Degenerative joint and bone disease


Diagnosis of degenerative joint and bone disease

Your doctor will take a medical history, evaluate your physical symptoms, and perform a physical exam to start your path to diagnosis. They may order additional tests to get a more thorough picture of your case as well, including:

  • X-rays to show the extent of joint damage
  • Blood tests to determine the type of arthritis

If you have symptoms like muscle weakness, pain to the touch, limited mobility, or a grating sound (crepitus) with joint movement, and have any risk factors, it is likely your doctor will diagnose you with osteoarthritis.

Treatment

There is no cure for arthritis, but there are ways to manage your pain. Treatment starts with nonsurgical strategies. Your doctor will likely recommend anti-inflammatory medicines, physical therapy, and lifestyle changes, such as changing your activities and losing weight. Braces or orthotics have also been proven to be helpful. When you start these treatments early, it’s often possible to slow down the joint degeneration.

Surgery may eventually be necessary if these treatments fail to relieve symptoms. The type of surgery depends on the joint, the extent of joint damage, your age, and your activity level. Options range from arthroscopic (minimally invasive) repairs to total joint replacements. There are many types of procedures, including:

  • Realigning the joints
  • Fusing the ends of the joints to limit motion and relieve pain
  • Removing the damaged joint lining
  • Total joint replacement

Find a Doctor at Dignity Health to discuss the right treatment plan for your lifestyle.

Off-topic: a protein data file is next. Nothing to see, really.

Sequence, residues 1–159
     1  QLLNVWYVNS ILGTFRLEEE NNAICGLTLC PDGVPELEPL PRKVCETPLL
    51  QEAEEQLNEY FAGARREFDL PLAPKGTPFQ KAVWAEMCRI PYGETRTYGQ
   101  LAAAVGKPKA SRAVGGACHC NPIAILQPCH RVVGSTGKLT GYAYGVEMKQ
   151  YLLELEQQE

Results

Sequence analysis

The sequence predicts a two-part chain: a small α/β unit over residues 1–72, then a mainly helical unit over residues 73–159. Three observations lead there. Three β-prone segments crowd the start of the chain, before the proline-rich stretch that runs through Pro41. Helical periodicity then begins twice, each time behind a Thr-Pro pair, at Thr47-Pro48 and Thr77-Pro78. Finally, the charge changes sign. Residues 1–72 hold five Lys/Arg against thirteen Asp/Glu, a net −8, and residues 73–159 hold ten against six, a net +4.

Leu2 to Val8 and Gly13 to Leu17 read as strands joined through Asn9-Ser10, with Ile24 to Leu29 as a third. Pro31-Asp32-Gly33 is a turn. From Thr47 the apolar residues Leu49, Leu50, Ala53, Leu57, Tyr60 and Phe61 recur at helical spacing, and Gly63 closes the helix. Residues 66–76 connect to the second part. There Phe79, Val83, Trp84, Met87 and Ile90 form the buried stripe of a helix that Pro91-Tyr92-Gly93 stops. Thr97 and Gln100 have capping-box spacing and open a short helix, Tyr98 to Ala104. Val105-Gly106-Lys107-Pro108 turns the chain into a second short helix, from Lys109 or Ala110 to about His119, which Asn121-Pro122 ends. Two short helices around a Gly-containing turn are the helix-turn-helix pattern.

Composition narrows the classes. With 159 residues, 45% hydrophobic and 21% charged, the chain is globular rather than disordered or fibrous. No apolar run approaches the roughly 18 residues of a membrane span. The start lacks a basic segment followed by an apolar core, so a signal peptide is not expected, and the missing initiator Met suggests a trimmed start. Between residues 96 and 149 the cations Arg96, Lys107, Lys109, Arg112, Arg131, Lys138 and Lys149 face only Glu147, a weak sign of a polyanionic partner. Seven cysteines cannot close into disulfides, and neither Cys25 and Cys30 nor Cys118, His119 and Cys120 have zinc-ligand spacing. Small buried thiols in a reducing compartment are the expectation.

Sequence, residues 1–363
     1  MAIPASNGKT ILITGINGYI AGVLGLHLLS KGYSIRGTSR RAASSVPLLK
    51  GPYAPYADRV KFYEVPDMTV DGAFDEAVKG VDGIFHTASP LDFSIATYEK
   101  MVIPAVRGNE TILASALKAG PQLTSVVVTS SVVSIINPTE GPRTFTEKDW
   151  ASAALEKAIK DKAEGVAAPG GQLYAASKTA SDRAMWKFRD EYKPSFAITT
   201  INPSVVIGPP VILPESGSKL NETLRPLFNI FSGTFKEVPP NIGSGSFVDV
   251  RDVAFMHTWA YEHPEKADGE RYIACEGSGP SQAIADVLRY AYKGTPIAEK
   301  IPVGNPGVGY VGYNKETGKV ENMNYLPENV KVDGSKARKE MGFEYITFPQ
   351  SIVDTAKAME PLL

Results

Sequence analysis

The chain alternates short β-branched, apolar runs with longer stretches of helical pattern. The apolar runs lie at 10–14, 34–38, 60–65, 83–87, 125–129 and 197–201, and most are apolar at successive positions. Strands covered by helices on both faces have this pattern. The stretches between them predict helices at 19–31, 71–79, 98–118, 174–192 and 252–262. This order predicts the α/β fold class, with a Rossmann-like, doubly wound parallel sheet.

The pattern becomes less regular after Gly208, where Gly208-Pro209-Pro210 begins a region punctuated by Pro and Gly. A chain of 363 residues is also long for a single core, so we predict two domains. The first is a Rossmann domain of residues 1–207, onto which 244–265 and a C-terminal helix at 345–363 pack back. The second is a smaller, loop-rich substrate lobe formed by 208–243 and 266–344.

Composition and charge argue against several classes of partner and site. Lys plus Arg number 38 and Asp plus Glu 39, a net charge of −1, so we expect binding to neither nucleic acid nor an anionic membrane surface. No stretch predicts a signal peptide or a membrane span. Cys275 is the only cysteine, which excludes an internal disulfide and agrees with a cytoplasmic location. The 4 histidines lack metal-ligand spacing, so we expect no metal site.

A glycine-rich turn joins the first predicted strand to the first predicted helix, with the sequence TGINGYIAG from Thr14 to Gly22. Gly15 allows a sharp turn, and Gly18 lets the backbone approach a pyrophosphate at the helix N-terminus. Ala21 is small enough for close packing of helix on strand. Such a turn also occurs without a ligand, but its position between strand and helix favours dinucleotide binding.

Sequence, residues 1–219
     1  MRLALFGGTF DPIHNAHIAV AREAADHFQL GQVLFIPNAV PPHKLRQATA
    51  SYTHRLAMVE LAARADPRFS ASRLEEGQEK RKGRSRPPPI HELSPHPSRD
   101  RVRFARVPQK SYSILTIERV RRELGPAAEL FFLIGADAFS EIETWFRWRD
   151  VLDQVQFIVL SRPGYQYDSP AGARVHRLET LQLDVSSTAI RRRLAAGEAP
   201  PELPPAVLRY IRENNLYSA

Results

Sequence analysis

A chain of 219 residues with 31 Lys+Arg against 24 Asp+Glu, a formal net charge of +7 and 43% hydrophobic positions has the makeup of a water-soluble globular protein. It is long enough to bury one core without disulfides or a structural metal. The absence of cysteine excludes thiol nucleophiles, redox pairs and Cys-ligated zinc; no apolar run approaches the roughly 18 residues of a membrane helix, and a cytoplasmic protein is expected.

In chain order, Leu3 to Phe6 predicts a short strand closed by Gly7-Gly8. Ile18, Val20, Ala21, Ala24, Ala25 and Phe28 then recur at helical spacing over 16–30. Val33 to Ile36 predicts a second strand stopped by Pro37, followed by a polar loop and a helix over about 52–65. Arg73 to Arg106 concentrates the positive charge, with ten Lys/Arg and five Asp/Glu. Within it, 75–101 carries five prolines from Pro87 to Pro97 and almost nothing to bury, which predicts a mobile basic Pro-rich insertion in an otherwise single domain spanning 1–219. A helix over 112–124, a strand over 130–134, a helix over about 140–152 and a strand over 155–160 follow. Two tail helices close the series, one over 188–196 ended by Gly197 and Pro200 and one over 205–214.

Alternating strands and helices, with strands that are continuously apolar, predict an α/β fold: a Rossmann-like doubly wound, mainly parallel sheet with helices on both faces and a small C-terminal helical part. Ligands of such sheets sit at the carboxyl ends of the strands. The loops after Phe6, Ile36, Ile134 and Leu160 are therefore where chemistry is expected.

Preparation

Most treatments for joint and bone disease do not require specific preparation. Before each appointment, it can be helpful to create a list of questions you have for your doctor, as well as a list of your current symptoms and any other relevant information, such as medications and allergies.

If your doctor recommends joint replacement surgery, you may need to take steps to prepare, both psychologically and physically. Make sure to ask your doctor or surgical team any questions you have about your options, the procedure, and what to expect in terms of recovery.

Eating well, quitting smoking, and avoiding alcohol and other substances as much as possible before surgery will maximize your chances of a good outcome. If you are having a hip or knee replacement, strengthening your upper body may help you remain mobile using a wheelchair or crutches in the weeks following the replacement. If you are having a shoulder or other upper body joint replacement, strengthening your legs may be helpful.

It is also important to create a pre and post-surgical plan to make sure you have everything in place for the day of surgery, including someone to take you home after the procedure. You will not be able to drive after being under anesthesia.

Recovery

Generally, people with osteoarthritis can continue living their life normally. A combination of anti-inflammatory medications, exercise regimes, and weight loss (if applicable) can work well to reduce the stiffness, pain, and lack of mobility that osteoarthritis brings.

For patients with severe pain who end up being good candidates for surgery, their pain and joint function often improve dramatically.

Living with chronic pain is a difficult thing. Online and community support groups are great resources to help you cope.

Where osteoarthritis can appear in the body

Osteoarthritis may appear differently in various areas of your body. The symptoms can vary depending on which joints are affected:

  • In the knees, you may notice a scraping or grating feeling when you move
  • In the hips, you may feel pain in your groin area or the inside of your knee or thigh
  • In the feet, the big toe may feel painful, and your ankles may swell
  • In the fingers, bony growths on the edge of your joint called spurs can cause the fingers to swell, especially at the base of your thumb
  • In the spine, you may notice tenderness, stiffness, or limited range of motion in the back, as well as weakness or numbness in your arms or legs

The information contained in this article is meant for educational purposes only and should not replace advice from your healthcare provider.